Café ML is a reflection of the recent trend toward un-complicating restaurant dining and making it breezy. This kind of dining appeals to white-collar professionals who don’t have the time or inclination to cook weeknights, but yet expect a modicum of affluence where they go and in what they eat.
And in this, Café ML has succeeded.
Yet compared to similar establishments in metro Detroit, there isn’t much about Café ML that’s particularly unique.
As a longtime observer of the Detroit restaurant scene, I’m bothered by an issue that is not exclusive to the Café ML and Roberts restaurants, but one that afflicts the industry overall.
It needs to be asked why, aside from design and appearance, is there such an overwhelming sameness of food in nearly every new restaurant in Detroit.
Where is the excitement around here for new and different ideas in American cuisine? I’m not talking about our Arabic, Mexican, Italian, Japanese, or Thai restaurants, which truly infuse a great and wonderful variety into our dining scene. I’m addressing the many newly opened fancy American grills that mostly surround the wealthier suburbs of Detroit, Café ML among them.
A large part of my work takes me outside the bubble of metro Detroit. So, for better or worse, I get to see what we’re missing here and, at the same time, the breadth of what is elsewhere.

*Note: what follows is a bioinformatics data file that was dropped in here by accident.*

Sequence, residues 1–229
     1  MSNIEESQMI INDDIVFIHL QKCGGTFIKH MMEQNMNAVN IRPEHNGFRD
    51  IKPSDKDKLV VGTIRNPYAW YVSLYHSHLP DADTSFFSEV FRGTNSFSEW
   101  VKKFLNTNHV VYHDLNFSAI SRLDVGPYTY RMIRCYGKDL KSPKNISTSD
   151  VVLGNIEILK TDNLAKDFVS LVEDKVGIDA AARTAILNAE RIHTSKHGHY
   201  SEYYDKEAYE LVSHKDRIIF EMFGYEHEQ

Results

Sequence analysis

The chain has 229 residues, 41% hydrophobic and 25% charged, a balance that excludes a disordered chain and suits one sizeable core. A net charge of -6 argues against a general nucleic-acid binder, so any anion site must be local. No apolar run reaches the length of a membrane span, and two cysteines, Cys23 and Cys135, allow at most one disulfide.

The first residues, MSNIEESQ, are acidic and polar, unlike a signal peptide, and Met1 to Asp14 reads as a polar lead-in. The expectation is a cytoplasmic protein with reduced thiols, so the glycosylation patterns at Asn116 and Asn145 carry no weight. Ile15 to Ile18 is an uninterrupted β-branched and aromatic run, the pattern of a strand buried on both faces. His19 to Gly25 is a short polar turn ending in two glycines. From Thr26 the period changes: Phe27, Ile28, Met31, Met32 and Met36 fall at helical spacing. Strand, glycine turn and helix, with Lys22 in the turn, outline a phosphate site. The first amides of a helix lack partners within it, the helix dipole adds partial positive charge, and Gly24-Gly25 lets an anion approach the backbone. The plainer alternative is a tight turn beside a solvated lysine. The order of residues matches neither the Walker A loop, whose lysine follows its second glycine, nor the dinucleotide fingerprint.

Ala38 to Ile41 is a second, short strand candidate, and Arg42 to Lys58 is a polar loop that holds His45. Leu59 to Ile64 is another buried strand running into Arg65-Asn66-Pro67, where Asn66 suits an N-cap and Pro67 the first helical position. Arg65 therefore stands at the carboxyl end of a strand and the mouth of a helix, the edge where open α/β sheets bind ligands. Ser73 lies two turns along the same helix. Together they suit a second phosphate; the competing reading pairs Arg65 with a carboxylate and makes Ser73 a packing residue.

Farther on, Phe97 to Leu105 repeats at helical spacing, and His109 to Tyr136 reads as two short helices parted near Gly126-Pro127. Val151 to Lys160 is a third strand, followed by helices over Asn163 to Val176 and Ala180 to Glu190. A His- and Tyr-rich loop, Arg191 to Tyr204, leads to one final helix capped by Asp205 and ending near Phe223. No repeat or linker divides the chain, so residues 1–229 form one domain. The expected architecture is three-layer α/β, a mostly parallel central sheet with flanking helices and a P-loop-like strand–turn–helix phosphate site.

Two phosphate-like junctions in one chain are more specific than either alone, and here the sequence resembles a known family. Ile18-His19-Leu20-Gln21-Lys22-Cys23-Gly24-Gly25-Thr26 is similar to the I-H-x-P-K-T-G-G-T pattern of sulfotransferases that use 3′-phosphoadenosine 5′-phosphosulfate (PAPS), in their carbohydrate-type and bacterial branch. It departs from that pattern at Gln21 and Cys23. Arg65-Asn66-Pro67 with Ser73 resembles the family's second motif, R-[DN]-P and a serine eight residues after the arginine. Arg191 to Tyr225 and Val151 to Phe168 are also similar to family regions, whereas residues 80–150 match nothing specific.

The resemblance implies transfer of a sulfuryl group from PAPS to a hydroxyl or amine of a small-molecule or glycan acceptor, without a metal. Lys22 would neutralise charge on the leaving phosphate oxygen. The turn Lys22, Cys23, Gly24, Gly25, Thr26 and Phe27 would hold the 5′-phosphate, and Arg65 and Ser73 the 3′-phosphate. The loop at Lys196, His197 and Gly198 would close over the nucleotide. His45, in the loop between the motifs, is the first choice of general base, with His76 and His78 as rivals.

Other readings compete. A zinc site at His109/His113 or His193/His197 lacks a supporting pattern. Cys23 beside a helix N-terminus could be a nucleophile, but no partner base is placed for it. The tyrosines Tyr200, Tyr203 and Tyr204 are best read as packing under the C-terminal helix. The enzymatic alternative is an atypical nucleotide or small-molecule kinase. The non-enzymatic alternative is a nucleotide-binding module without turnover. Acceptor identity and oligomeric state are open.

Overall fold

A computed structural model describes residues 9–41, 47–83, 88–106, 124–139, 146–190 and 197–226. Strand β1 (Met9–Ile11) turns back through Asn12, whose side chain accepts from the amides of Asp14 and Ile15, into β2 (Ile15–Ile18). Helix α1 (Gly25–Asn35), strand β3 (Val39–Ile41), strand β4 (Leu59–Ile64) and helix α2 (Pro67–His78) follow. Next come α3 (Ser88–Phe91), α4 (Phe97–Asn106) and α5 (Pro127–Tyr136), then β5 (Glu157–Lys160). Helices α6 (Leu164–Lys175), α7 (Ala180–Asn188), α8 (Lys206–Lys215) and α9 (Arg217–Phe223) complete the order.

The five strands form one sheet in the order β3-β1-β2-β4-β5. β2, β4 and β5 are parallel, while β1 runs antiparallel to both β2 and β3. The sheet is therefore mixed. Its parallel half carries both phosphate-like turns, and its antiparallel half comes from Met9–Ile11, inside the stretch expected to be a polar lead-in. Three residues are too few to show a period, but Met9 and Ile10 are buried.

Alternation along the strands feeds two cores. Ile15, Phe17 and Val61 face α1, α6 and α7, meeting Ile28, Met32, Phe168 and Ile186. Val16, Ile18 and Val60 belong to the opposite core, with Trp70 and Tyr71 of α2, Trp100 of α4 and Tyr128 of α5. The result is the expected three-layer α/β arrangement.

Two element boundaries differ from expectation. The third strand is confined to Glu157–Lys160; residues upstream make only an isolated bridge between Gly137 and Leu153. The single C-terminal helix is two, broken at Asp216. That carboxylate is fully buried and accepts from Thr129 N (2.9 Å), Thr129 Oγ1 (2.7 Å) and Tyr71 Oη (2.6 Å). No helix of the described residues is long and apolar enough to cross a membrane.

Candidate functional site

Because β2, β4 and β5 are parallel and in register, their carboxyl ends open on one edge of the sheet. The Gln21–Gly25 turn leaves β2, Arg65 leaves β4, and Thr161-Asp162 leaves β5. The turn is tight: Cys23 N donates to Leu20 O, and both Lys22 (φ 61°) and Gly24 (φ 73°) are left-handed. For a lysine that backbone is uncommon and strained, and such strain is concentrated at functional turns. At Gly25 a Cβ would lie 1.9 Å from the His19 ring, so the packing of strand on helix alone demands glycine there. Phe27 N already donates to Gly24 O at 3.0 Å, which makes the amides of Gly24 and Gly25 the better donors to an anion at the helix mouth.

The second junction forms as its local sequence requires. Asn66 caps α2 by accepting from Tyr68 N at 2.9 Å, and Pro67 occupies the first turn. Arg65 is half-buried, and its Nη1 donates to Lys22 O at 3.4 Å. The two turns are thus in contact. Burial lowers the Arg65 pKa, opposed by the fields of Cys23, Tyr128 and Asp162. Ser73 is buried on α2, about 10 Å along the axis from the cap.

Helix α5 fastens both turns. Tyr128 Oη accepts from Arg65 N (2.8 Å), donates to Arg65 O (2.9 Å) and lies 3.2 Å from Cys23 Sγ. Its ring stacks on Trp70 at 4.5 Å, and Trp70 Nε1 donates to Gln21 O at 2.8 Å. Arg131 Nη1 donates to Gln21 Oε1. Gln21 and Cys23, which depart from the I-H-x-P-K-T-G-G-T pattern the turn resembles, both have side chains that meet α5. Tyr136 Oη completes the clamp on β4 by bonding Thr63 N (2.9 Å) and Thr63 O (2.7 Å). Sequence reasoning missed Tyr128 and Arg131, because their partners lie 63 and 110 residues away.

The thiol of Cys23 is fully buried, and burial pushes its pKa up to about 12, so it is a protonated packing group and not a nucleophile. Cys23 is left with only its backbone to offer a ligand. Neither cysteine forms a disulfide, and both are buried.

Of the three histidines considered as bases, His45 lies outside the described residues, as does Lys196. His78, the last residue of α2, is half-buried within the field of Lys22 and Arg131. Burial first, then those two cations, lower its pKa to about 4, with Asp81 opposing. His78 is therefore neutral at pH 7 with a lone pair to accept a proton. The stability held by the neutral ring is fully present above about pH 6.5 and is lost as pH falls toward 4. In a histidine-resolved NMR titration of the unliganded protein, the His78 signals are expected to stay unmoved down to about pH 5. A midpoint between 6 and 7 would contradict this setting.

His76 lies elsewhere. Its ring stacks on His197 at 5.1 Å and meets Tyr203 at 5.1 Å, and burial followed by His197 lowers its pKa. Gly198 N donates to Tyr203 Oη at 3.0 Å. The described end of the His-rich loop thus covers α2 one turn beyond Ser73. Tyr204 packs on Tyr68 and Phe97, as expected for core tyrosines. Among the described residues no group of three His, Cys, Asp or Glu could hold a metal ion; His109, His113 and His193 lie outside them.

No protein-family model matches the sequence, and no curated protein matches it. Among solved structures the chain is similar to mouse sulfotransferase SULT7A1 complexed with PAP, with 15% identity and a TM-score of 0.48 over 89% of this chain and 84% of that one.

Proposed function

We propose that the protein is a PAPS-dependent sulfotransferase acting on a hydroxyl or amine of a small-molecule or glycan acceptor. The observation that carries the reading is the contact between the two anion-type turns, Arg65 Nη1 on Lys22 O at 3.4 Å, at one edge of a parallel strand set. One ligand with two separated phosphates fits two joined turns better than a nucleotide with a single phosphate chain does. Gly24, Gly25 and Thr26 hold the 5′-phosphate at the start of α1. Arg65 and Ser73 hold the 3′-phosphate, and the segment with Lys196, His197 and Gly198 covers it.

In some ways, my travel is fairly typical of other professionals. I’m in California five or six times a year, New York three or four, Europe once or twice, and mostly for work. I eat there for several days, sometime for weeks a year, dining in the same kind of casual, upscale places as Café ML.
When I return, I’m constantly struck by how little diversity there is between the menus at Detroit’s newer bistros, grills, and upper-end brasseries. And I hear many complaints about our lack of variety.
By contrast, in April, May, and June, I made five trips to California, where I ate in one American cuisine restaurant after another — not in Los Angeles or San Francisco, but in smaller cities such as Temecula, Riverside, and San Diego. And in each place, without any effort to seek them out, I found the menus and chefs consistently loaded with new ideas and flavors, styles, and interpretations of traditional dishes and unusual new cuisine ideas; some heavier, some lighter, but all very different.
I also spent two weeks in Barcelona this year, and meal after meal — beyond the traditional Spanish tapas — I encountered a stunning array of dishes and experiments in flavor. There was, in effect, an imagination at work and a willingness — a pride even — to put something very different and unusual on a plate, dishes and preparations that we just don’t see here.
But despite Detroit’s overall lack of menu variety, Café ML is off to a nice start, and it’s firmly headed in the right direction. It likely won’t be too long before it equals or exceeds the other restaurants in the Roberts group.
3607 W. Maple Rd., Bloomfield; 248-642-4000. D daily.
Cook is Hour Detroit’s chief restaurant critic. Email: email@example.com